Cardiovascular disease (CVD)—a catch-all term describing a multitude of illnesses related to the heart and blood vessels—is the leading cause of death worldwide, responsible for an estimated 17.9 million deaths each year. In the United States alone, one person dies every 33 seconds from CVD.
While many lifestyle factors that contribute to CVD are well-known—such as unhealthy diet and smoking—one that hasn’t received as much attention is poor oral health. But for years, scientists have known about the link between periodontitis, a common infection of the gums, and the development of CVD, leading many to suspect that inflammatory factors enter the bloodstream through the gums and do further damage to the vascular system.
With this in mind, a group of Canadian researchers set out to determine whether lower levels of oral inflammation found in young people without diagnosed periodontal issues could be indicative of cardiovascular health. Their results were published in August in Frontiers in Oral Health.
The scientists recruited 28 non-smokers between the ages of 18 and 30 who had no comorbidities or medications that could affect cardiovascular risk and no reported history of periodontal disease. Participants were asked to fast for six hours, except for drinking water, prior to visiting the lab.
At the lab, the subjects rinsed their mouths with water before rinsing their mouths with saline, which was collected for analysis. Participants then laid down for 10 minutes for an electrocardiogram and remained prone for another 10 minutes so that the scientists could take their blood pressure, flow-mediated dilation, and pulse-wave velocity.
The team chose pulse-wave velocity, which can measure the stiffness of arteries, and flow-mediated dilation, a measure of how well arteries can dilate, as key indicators of cardiovascular risk because they both measure arterial health directly: stiff and poorly functioning arteries raise patients’ risk of cardiovascular disease.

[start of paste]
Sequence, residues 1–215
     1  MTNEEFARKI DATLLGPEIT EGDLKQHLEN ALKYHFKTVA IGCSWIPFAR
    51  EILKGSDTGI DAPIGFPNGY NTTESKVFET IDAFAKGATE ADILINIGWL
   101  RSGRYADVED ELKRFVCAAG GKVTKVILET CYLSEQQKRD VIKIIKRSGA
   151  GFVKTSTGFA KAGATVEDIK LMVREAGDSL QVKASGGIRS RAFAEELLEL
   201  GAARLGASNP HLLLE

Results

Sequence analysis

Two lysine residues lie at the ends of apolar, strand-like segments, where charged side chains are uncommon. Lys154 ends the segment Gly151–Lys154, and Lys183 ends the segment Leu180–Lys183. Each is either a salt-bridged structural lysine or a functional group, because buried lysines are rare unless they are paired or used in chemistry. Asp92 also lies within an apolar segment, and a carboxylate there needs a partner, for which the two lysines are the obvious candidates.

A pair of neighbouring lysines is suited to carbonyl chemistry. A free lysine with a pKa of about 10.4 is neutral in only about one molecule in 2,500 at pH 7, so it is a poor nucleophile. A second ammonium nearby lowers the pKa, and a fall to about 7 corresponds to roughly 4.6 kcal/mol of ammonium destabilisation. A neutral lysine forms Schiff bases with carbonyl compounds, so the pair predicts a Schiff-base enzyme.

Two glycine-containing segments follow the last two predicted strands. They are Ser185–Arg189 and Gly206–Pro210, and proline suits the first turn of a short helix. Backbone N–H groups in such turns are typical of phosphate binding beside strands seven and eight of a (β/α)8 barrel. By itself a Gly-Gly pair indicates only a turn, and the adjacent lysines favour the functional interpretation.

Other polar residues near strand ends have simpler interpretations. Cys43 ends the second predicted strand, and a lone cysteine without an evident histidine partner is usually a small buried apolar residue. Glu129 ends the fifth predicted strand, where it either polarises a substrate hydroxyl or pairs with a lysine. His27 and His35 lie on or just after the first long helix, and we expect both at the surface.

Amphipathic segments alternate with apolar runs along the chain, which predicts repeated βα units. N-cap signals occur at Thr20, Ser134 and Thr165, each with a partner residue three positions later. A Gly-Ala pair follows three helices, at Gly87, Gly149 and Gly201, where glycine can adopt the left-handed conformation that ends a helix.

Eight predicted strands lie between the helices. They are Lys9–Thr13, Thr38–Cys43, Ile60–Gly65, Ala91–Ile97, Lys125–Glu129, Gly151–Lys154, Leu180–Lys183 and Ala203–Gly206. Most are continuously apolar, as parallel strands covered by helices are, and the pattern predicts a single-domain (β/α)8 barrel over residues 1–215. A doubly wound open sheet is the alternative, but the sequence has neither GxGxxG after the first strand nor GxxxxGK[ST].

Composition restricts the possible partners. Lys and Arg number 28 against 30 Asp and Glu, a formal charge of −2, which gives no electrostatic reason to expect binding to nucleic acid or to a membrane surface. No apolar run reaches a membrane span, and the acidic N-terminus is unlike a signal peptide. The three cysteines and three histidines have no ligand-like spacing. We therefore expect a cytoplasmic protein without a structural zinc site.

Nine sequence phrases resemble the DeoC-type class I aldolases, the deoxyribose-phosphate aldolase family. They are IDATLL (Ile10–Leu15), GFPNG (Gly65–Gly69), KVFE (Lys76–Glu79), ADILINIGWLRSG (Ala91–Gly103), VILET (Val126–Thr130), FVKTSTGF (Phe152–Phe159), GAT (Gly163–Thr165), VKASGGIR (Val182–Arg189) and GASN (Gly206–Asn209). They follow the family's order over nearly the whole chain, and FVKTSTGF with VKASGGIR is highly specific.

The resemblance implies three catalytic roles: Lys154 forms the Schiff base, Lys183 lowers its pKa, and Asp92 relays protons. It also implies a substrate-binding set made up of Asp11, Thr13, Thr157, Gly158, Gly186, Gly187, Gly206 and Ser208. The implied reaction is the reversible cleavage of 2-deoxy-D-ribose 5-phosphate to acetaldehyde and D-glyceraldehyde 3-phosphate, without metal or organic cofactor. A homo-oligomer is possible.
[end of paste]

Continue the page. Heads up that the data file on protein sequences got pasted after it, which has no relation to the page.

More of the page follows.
After analyzing the results, the researchers found that a high white-blood-cell count in the saliva had a significant relationship to poor flow-mediated dilation, suggesting that these people may be at an elevated risk of cardiovascular disease. However, there was no relationship between white blood cells and pulse wave velocity, meaning that longer-term impacts on the health of the arteries had not yet taken place.
Although they noted that more research is needed to fully understand the impact of different levels of oral inflammation and CVD, the scientists hypothesized that inflammation from the mouth, leaking into the vascular system, impacts the ability of arteries to produce the nitric oxide that allows them to respond to changes in blood flow. Higher levels of white blood cells could have an even greater impact on vascular dysfunction; the levels found in the participants are usually not considered clinically significant.
“Even in young healthy adults, low levels of oral inflammatory load may have an impact on cardiovascular health,” said Trevor King, PhD, of Mount Royal University, one of the study’s authors. “Optimal oral hygiene is always recommended in addition to regular visits to the dentist, especially in light of this evidence.”
Perhaps even more importantly, these results could lead to better diagnostic techniques for CVD. “The mouth rinse test could be used at your annual checkup at the family doctor or the dentist,” said Michael Glogauer, PhD, of the University of Toronto, a co-author of the study. “It is easy to implement as an oral inflammation measuring tool in any clinic.”